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  #1  
Old 03-26-2011
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Non Resident Living and Sailing in the US

Hi all
First post, so some background info about me - deep sea diver by profession, frequent holidayer in the good ol' USA (non resident).

I was looking at maybe doing my sailing classes in the US - possibly Maryland this summer with the intention of buying a boat in the US and keeping it parked here. I work a month on/month off rota the year round, so looking at coming down to the US for atleast 4 - 5 months of the year duroing my month off, and doing the whole liveaboard/cruising thing.

Questions are:

1.) Can I (as a non-resident) register the boat in either Florida or Texas, if so tax-wise which is the better option?

2.) Is is possible for a non-resident with no credit history in the USA to get full insurance cover for a boat (38' to 42')?

3.) Whilst I might have the resources to buy a boat outright, in the eventuality I need finance for say 50% of the boat, does anyone (especially boat vendors/dealers) know how easy that might be to get if I can provide full documentation from a recognised bank about my financial position? Once again - no credit history in the US.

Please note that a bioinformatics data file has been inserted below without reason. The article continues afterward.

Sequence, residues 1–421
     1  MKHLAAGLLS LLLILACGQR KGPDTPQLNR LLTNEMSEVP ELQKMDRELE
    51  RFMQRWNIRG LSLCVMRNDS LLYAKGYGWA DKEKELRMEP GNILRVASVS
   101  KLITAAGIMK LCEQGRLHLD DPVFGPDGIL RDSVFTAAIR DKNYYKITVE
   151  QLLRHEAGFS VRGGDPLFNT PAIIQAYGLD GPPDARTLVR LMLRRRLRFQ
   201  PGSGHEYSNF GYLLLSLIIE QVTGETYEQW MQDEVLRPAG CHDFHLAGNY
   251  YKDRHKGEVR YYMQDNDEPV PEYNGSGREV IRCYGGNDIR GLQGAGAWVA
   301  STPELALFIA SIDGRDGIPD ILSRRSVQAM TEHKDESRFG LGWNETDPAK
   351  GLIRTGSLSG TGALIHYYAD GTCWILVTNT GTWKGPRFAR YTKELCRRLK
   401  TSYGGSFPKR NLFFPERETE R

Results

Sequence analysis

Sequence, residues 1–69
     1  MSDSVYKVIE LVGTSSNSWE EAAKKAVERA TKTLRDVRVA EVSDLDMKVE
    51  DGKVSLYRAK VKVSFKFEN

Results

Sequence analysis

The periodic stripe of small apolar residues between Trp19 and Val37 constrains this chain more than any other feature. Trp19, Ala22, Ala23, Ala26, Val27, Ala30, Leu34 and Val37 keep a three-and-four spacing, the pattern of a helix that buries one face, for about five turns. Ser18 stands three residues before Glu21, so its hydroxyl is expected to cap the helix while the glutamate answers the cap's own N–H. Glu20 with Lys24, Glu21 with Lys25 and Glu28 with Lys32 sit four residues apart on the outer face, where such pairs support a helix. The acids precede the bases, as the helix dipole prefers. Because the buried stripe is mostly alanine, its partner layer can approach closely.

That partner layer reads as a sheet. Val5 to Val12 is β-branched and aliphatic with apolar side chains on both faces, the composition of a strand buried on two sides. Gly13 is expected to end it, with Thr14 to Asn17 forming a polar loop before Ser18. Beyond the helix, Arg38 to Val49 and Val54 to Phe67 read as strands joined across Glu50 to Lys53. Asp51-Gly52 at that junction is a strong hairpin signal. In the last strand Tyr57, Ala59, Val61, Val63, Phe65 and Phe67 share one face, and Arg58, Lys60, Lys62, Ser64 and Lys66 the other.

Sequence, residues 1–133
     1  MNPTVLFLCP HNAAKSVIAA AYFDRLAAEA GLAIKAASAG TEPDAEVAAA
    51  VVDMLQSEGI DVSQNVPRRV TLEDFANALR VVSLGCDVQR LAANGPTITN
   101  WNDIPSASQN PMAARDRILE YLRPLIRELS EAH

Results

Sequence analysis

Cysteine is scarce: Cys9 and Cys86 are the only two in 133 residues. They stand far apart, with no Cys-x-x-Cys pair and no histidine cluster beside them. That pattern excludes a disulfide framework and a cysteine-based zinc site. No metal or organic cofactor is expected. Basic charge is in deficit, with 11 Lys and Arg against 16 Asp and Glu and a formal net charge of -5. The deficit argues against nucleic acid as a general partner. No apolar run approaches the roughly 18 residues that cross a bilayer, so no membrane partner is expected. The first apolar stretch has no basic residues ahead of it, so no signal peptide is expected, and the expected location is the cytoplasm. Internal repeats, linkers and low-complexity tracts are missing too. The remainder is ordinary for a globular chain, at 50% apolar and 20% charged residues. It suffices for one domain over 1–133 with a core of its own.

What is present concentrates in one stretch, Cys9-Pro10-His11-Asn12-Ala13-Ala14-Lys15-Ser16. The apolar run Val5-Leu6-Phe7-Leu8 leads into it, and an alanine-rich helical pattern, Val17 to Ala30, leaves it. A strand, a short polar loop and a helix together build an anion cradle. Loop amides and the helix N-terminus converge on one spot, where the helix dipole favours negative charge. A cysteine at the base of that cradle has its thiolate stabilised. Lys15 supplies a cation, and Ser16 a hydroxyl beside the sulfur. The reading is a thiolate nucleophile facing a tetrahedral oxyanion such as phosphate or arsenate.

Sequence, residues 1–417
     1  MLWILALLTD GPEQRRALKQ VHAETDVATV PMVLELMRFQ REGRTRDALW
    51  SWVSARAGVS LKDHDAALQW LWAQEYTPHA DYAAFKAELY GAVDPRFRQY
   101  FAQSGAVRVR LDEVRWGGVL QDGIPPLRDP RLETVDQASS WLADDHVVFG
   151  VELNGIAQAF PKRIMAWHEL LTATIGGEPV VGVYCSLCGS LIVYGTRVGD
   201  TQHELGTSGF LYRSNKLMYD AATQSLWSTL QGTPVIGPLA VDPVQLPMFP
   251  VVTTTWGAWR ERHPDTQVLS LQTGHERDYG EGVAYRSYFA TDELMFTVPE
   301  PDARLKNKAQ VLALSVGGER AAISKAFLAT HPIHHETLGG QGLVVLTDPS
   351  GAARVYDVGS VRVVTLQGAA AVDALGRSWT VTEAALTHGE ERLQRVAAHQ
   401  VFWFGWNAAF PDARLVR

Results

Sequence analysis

4.) Lastly, would it be advisable to keep the boat in a marina up north (Annapolis) from June to October and then down to Florida the rest of the year? Would I end up paying tax in both places?

Thanks in advance guys, a lot of questions i know, but I promise to return the favour someday to other newbies in this great community when i get a few nm's under my yet-to-be-bought hull....

Finally - a salute to all the members and participants of this community, I am truely impressed by the effort and time members have been putting into this forum, with their exceptional and invaluable advice.

cheers n beers
Heliox
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Old 03-26-2011
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Hi Heliox, I don't know about all your questions, but I'm fairly certain the answer to #3 is yes - the financed asset will be in the US, which matters more to them than where the income is. Lots of boats for sale now, good time to buy.